Five things to know about Stormy Daniels
One by one, the patrons lurched to the stage’s edge, summoned by the siren song of stale arena rock and toplessness – a sea of large men with small bills and slight smiles, plainly convinced that America has been plenty great for some time now.
It was a special kind of Saturday, and the cover charge showed: $20 at the door, double the usual, though far less than the reported executive rate.
“Pigs get fat. Hogs get slaughtered,” said Jay Levy, the Trophy Club’s owner, explaining the relative bargain for guests. “I’ve got to take care of my people. I’ll take advantage of the situation, but not my people.”
His people, on this evening, were a peculiar lot: regulars, newcomers and, at present, the world’s most important porn star – with her presidential ties and a reported six-figure reason not to confirm them – traveling for now without a proper assistant.
“Nobody wants to be seen with me right now,” the performer, known as Stormy Daniels, said in a brief interview, laughing softly behind an assemblage of nude pictures of herself. The line at her table belied the point.
And so it was – on the anniversary of the inauguration; with a government shutdown consuming the capital; with cities across the country, including this one, hosting women’s rallies condemning President Donald Trump as an emblem of misogyny – that this national moment delivered a glut of customers, journalists and a notable adult film actress to a perhaps inevitable fate.
The music came on. The clothes came off. And an airport strip club claimed its piece of the U.S. presidency.
“Waaa-ooooooh!” came the cry from a crowd of a couple hundred or so as the show began.
Every White House leads a trail to venues strange and varied: global summits, hardscrabble swing-state spots, a golf course in South Florida.
On Saturday, the Trophy Club was almost certainly making its executive debut. One night only.
Better known as Stephanie Clifford to some offstage, the 38-year-old headliner was setting off on what is being called the “Making America Horny Again Tour,” capitalizing on her spin through a Trump news cycle.
According to The Wall Street Journal, Clifford was paid $130,000 in hush money shortly before the 2016 election to conceal a past relationship with Trump. In a 2011 interview with In Touch magazine, made public in recent days, Clifford is quoted as saying that she and Trump had the sexual encounter in 2006 – months after Trump’s wife, Melania, gave birth to their son.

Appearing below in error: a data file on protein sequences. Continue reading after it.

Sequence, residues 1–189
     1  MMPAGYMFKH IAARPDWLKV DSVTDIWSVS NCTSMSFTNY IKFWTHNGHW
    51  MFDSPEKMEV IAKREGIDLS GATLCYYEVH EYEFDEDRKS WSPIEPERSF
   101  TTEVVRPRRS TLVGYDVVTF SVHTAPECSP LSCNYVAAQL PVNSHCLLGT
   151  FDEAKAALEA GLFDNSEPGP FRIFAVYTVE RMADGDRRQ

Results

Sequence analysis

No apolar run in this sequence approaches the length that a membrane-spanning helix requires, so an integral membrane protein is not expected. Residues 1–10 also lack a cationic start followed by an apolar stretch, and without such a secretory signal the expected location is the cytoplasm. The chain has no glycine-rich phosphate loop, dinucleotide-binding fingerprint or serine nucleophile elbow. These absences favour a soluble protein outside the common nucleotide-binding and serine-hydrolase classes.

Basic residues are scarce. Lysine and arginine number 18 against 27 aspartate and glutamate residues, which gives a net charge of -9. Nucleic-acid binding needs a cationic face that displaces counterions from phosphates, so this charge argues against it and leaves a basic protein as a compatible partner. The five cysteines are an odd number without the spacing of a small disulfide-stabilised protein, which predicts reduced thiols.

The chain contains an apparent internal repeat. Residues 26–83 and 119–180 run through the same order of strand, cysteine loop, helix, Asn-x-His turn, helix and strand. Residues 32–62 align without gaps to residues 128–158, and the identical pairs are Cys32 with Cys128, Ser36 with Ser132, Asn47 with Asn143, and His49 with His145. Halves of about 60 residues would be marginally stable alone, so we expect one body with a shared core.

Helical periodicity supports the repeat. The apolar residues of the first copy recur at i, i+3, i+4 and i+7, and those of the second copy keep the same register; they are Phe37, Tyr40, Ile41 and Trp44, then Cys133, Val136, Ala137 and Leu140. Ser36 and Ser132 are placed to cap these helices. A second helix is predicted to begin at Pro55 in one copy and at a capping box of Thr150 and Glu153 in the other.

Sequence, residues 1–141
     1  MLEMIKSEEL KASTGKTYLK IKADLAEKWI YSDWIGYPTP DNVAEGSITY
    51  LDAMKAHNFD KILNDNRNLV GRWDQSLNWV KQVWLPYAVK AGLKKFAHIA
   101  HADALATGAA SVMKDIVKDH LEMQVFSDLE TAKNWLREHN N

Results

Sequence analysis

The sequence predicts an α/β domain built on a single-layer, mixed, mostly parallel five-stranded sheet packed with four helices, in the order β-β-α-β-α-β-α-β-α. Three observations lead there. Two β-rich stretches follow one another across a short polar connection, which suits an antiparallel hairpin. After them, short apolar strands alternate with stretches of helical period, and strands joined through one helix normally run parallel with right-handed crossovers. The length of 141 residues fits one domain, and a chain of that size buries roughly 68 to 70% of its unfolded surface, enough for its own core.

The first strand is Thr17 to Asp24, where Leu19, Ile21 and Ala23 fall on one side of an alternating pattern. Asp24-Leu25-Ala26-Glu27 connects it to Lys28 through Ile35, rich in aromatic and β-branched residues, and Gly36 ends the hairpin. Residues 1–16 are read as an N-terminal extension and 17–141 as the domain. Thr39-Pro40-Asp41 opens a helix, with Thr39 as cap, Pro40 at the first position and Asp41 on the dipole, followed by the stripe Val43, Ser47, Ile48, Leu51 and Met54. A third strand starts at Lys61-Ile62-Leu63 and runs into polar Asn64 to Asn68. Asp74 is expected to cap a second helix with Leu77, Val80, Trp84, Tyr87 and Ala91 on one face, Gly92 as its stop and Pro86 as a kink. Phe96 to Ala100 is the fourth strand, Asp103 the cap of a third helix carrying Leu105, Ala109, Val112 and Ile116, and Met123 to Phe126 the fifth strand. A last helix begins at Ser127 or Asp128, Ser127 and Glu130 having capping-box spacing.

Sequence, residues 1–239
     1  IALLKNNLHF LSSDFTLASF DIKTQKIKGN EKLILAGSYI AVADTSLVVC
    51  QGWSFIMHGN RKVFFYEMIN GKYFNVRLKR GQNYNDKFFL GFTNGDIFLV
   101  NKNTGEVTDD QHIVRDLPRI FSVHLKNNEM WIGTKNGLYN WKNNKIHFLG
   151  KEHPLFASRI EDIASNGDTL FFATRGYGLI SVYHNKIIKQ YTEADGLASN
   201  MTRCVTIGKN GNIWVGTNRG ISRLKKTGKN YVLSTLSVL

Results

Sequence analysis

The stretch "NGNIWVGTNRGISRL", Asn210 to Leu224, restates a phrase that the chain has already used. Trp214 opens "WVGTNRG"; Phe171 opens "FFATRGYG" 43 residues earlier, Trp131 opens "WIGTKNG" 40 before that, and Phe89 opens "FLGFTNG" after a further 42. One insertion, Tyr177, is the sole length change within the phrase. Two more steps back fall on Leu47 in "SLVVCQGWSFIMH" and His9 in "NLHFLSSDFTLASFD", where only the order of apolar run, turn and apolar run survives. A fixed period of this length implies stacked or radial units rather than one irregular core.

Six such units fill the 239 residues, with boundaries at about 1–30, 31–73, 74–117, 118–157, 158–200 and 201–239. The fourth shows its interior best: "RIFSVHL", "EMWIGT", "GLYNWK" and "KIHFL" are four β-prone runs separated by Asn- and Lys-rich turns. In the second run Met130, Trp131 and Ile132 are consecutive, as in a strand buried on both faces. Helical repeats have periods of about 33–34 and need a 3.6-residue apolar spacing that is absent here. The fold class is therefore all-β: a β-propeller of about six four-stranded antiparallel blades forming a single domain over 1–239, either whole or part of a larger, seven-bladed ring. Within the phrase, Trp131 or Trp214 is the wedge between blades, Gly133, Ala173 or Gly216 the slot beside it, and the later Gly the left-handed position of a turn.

A lawyer for Donald Trump, Michael Cohen, whom The Journal identified as the person who helped arrange the payment, said in an email this month that Trump “vehemently denies any such occurrence.”
Pressed Saturday, Clifford responded to any question about Trump with a wordless grin and a shaking head.
Most attendees did not much care, subsisting in the club’s smoky kaleidoscope of flesh. Women swaggered by in tights, leatherette and heels that could dent metal, brushing past a vending machine that spits cigarettes. Bartenders shooed too-stingy visitors from the good seats, returning $15 in singles for a $5 drink order paid with a 20, and mouthing the lyrics to “Super Freak.”
Above the bar, festooned with balloons of red, white and blue, one TV was tuned to a Trump-themed panel on CNN, as a government shutdown clock ticked in the bottom right corner. Beside the stage, the president’s face looked out from an old picture, mugging beside Clifford.
“HE SAW HER LIVE,” an ad for the event read, using the same image. “YOU CAN TOO!”
The region is Trump Country, in a state he carried by 14 points, in a county he won by 25 points. But even among those who might be expected to tut-tut an extramarital encounter and covert payment by the future president, the story of Clifford has struggled to break through entirely in recent days.
Shutdown. Russia. North Korea. A porn star hardly rates.
“This is just a news story. I don’t know if it’s accurate,” the Rev. Franklin Graham, a Trump supporter, told MSNBC.
But broadly, he allowed, “our country has got a sin problem.”
Levy, the club owner, with slicked hair and a thick goatee, said his aim was entirely apolitical. “I’m strictly ‘How can I get lightning in a bottle?’” he said.
He read the Journal article about Clifford, whom he said he had known before, and was compelled to reach out, inviting her once more to the bar he calls “Cheers with breasts.”
Levy declined to say what he was paying her, though financial considerations dotted the club’s Facebook page during the week.
“How much to get in?” one man asked.
“$130,000,” a woman replied.
Clifford said she was receiving her “normal amount, I guess.” She performed two shows, elaborate burlesque acts around 11 p.m. and 1 a.m., lit in part by a disco ball large enough to crush three men if it shook loose from its bearings. Attendance flagged a bit by late in the night.
In between, Clifford, who said she had not danced since the summer, mingled with well-wishers, photo-seekers and, if they approached, reporters.
“Imagine coming back when you’re the most insecure,” she said of her return. “It’s the only time I’ve ever gone onstage and was actually scared.”
She was asked what it had been like to be Stormy Daniels over the past week. “Stressful,” she said. “And amusing.”
Next in line, a man in a cap was waiting, sliding behind her for a picture. Clifford dutifully removed her top. The man grabbed at her front, tentatively at first. The brim of his star-spangled hat, reading “Make America Great Again,” nearly grazed her blonde hair.
Clifford smiled again, beside a well-stocked jug of tips.
Our country has got a sin problem. And a sense of humor.